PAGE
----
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Honk if You Love . . . Smokey Robinson

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There are some musical experiences you never forget, and for me one was the very first time I ever heard "The Tracks of My Tears" by Smokey Robinson & The Miracles. As a child of the Seventies, I already knew the song as a Linda Ronstadt hit, but discovering the pure, stately beauty of this soulfully poetic masterpiece as sung by the man who co-wrote it and made it famous was a revelation. It was also one of the first times I understood how feelings of personal pain could be transformed into something of universal beauty -- the same sort of musical alchemy pulled off all by the greats from Frank Sinatra to Michael Jackson to Kurt Cobain.

During these remarkable weeks of posthumous Michaelmania, I've had a few chances to catch up with some of the soulful musical giants who made me love music in the first place, including the eternally inspiring Smokey Robinson. First, I caught up with Smokey Robinson when we spoke about Michael for Rolling Stone's special tribute issue that's so in demand I still haven't gotten my copy.

We had another chance to speak while I was helping on the Michael Jackson Memorial at Staples Center. After watching Smokey and Berry Gordy -- two men who built Motown together -- share some memories in a dressing room backstage, I had a chance to tell Smokey how much his music means to me. There may be a few artists who I've listened to more in my lifetime -- including Stevie Wonder, who was just down the hall -- but I've always thought if I were on that proverbial desert island and had to listen to a single song for the rest of my life, it would probably be one of Smokey's. The funny thing is, I'm not even sure which Smokey song I would choose because the man has created so many quiet storms worth getting caught up in.

Back when I was in college, I remember reading something Bruce Springsteen said about thinking that he wouldn't mind having Smokey's "Cruisin'" on an endless loop. The Boss got that right because there really has always been something hypnotic about certain lovely, languorous Smokey songs.

Another of my all-time favorites is a Smokey hit from the same era called "Tell Me Tomorrow." A few years back I was in a meeting with Gary Goetzman, a great guy and a wildly successful movie and TV producer who runs Tom Hanks' excellent production company Playtone. As we waited one day in a lobby to pitch a project to Leslie Moonves at CBS, I mentioned my love of Smokey Robinson and "Tell Me Tomorrow" to Gary and was dumbstruck to discover that Gary had co-written the song. Suddenly, I didn't care how the pitch went -- almost. For me, Gary might have well said, "Yeah, I co-wrote that play called 'Hamlet' for this guy Shakespeare. Great guy, Bill."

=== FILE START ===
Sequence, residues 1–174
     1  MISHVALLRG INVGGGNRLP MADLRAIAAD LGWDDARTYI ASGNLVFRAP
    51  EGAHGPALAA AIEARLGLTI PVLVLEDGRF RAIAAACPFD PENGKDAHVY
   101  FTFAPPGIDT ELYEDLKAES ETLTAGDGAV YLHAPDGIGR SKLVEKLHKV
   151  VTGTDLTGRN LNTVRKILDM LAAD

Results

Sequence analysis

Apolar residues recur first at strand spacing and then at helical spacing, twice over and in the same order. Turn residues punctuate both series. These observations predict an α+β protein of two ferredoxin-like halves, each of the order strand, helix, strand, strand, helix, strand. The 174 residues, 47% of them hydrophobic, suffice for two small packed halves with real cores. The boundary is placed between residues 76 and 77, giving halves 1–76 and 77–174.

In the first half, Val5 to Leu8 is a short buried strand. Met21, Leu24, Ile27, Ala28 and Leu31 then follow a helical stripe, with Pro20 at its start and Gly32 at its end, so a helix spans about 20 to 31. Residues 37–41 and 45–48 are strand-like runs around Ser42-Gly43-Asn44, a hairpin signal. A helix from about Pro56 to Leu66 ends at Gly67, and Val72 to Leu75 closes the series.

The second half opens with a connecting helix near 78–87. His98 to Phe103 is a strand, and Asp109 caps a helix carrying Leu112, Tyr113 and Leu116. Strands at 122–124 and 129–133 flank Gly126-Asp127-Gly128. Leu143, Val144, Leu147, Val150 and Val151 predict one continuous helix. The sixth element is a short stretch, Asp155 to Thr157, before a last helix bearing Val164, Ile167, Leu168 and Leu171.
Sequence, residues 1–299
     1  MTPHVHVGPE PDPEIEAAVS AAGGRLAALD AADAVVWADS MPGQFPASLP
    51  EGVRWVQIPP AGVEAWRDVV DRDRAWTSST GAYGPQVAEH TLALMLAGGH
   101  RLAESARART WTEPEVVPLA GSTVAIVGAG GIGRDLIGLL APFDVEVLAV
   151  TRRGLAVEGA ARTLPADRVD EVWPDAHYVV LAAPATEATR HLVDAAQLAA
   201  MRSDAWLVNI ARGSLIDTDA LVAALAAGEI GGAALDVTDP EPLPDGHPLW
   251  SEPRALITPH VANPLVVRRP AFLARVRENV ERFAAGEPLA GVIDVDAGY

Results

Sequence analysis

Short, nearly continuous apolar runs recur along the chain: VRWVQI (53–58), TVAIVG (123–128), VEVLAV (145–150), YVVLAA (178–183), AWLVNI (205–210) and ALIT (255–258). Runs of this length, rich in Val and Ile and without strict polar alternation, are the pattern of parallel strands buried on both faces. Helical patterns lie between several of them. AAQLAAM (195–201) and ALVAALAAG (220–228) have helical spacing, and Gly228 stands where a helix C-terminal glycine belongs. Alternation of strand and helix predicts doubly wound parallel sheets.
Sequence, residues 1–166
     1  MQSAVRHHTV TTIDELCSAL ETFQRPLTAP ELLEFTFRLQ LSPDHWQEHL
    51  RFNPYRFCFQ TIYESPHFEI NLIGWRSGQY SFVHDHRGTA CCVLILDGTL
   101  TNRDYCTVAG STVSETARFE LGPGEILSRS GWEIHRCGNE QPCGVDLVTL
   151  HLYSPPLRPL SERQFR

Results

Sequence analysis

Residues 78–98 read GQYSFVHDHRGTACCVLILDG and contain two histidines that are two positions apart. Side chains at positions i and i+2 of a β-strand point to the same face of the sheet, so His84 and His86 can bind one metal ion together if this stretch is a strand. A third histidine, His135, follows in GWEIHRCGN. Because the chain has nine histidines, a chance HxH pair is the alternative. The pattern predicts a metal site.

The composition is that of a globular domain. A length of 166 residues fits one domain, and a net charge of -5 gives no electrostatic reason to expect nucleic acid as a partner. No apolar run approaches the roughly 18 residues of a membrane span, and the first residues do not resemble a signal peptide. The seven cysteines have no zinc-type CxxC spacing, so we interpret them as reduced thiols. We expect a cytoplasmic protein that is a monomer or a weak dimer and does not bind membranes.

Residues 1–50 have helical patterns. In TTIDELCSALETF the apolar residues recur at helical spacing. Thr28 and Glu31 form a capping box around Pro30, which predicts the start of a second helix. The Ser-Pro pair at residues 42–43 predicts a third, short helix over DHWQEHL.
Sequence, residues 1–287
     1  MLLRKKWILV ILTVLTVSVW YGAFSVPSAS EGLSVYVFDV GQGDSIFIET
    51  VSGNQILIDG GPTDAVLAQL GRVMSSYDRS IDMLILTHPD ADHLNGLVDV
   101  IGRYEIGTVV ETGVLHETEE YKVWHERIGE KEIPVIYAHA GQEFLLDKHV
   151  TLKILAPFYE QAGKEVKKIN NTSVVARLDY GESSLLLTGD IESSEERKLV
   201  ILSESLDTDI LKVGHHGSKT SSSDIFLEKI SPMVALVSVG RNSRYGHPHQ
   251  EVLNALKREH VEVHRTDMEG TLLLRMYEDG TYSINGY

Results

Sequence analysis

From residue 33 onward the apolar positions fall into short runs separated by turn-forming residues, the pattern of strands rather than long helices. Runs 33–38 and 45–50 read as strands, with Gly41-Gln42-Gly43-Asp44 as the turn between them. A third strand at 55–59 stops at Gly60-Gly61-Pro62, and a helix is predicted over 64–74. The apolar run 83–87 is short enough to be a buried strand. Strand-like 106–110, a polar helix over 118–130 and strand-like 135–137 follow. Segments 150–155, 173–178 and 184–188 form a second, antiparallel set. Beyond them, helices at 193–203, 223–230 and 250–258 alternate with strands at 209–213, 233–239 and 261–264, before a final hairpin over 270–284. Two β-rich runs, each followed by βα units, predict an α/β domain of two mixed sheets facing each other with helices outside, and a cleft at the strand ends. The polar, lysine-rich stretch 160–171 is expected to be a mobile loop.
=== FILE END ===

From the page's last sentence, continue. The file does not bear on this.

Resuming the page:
But none of this is why I'm writing now.

I'm writing now because yesterday in the mail, I received an advance of a brand new album by Smokey Robinson entitled Time Flies When You're Having Fun. The album won't be out until August 25th, so I won't jump the gun entirely by raving about it here. But I have to tell you about one song that's coming out as a single now. The very idea of Smokey Robinson singing "Don't Know Why" -- the Grammy-winning Jesse Harris composition that helped make Norah Jones an international phenomenon -- is almost too perfect in theory. In reality, it's much better than that. I love Norah Jones -- a singer who combines great soul, sophistication and restraint -- but with all due respect, does anybody on earth do smooth seduction and heartbreak better than Smokey Robinson?

Listen to Smokey's "Don't Know Why" and you can still trace the tracks of his tears. If you think you never want to hear "Don't Know Why" sung by anyone else except Norah Jones -- or by anyone at all -- then think again. For today at least, this is the song that I want with me on that desert island, and I am so thankful that Smokey is still around to sing it if my desert island happens to be on his tour schedule.

Watching the world rediscover Michael Jackson's music following his death has reminded me of the pressing need to salute our greats while they're still around to hear it. So that's what I am going to do right here from time to time until someone stops me.

So honk if you love Smokey Robinson -- or just pull over and let people with a little taste pass you by.